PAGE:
Date: February 1st 2018


Upon growing to adolescence, Moshe (Moses) began to leave Pharaoh’s palace to look in on the sorry plight of his enslaved Jewish brethren. On one such occasion, he killed an Egyptian taskmaster who was attempting to beat a Jew to death. He then fled to Midyan where he married Yitro’s daughter Tziporah who bore him two sons. Years later, Moshe was instructed by Hashem (G-d) to return to Egypt for the purpose of liberating the Jews. Moshe took leave of Midyan with his wife and children. On the outskirts of Egypt, Moshe was met by his brother Ahron (Aaron) who advised that it would be better for Moshe’s wife and children to return to Midyan until after the Exodus (Rashi 18, 2).

Parshat Yitro begins by describing how, after the Torah was given at Mt. Sinai, Yitro brought Tziporah and her children to the camp of the Jews to reunite them with Moshe. As Yitro neared the Jewish camp, he sent word to Moshe that he would soon arrive. The Commentary of Rashi (Yitro 18:6) explains that Yitro’s purpose was to assure that Moshe would pay Yitro the honor of leaving the camp in order to greet him as he approached. Yitro’s message to Moshe was recorded in the Torah for posterity without it being criticized. This indicates that the Torah considers what Yitro did to be correct.

A generally accepted Torah virtue is that honor should be avoided. For example, it is written that “Jealousy, lust, and honor remove a person from the world” (Pirkei Avot 4:21). If so, asks the commentary of Gur Aryeh(by the Maharal of Prague, 1520-1609), how can it be that Yitro acted properly? He was pursuing the honor of being greeted by Moshe, the great prophet, and leader of the Jewish people.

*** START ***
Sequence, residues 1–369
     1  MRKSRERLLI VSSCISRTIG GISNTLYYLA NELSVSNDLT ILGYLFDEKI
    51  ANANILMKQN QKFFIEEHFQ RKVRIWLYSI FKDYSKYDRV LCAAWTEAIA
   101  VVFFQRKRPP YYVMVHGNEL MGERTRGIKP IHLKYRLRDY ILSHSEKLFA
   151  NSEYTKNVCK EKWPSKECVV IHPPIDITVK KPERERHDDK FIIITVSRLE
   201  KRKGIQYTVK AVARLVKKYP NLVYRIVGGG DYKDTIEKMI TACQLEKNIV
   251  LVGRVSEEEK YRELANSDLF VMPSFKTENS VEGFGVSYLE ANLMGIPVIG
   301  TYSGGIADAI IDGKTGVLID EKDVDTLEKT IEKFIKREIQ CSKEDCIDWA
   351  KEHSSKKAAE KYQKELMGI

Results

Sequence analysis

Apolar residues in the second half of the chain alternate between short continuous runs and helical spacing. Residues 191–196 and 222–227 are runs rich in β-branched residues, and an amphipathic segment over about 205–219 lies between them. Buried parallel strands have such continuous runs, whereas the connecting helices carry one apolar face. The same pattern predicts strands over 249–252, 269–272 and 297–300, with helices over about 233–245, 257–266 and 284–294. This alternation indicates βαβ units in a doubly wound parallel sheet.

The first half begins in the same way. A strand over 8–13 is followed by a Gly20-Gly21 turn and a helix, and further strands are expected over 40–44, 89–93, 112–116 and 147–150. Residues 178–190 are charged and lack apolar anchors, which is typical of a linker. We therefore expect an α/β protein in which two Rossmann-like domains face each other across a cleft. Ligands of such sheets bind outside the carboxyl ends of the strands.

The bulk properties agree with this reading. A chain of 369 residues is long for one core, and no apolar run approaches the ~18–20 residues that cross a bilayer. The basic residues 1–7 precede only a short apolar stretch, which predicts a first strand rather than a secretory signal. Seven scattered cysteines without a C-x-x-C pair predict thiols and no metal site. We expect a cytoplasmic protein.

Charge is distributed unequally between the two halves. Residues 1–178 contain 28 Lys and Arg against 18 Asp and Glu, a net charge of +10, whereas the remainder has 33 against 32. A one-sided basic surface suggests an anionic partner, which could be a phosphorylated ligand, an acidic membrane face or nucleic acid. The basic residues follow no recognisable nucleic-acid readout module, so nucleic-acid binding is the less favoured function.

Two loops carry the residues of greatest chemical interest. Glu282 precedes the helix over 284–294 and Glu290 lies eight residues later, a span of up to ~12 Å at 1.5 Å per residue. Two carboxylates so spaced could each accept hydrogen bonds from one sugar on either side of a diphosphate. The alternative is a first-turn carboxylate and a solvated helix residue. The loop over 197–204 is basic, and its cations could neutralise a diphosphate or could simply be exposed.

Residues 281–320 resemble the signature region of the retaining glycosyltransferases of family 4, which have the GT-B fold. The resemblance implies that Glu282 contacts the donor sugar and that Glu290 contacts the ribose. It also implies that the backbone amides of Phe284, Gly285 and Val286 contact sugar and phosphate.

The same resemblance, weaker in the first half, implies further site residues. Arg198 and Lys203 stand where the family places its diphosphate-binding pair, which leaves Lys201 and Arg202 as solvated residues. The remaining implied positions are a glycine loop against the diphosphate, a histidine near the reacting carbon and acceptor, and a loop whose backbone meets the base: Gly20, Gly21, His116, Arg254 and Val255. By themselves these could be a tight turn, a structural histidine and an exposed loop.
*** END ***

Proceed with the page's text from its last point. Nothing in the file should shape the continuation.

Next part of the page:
The Gur Aryeh answers that Yitro was not seeking honor. Rather, he sought to avoid being embarrassed. Normally, a host goes out to greet an arriving guest - especially if it is the host’s father-in-law. Accordingly, had Moshe NOT gone out to meet Yitro, it would have been a public insult. Yitro, therefore, acted to prevent this affront from transpiring.

(At least) two different relevant ethical principles can be inferred from this text:
I. Avoiding personal embarrassment is a moral virtue of the Torah. Accordingly, a man who walks outside with a stained shirt is violating the Torah’s ethical code – he did not take steps to avoid the shame of wearing sullied garments. Clearly, the same holds true of any other unbecoming or improper behavior that could prove humiliating. When one (sadly) hears of Jews whose financial crimes make headlines, they are typically guilty of at least three major sins: stealing, lying and “chillul Hashem” (desecrating G-d’s Name by one’s improper conduct). But it is also true that on a personal level, these criminals have violated the Torah’s morality by bringing shame upon themselves.

II. A cardinal principle of Torah is that one should avoid pursuing a “Mitzvah haba biaverah,” a good deed that is made possible by a transgression. For instance, we do not steal from others or work on Shabbat in order to earn additional money to donate to charity. Honor is so harmful that (as already mentioned) it “removes a person from the world.” If so, why was it considered proper for Yitro to pursue personal honor (which is normally deemed sinful) in order to adhere to the Torah’s virtue of avoiding embarrassment?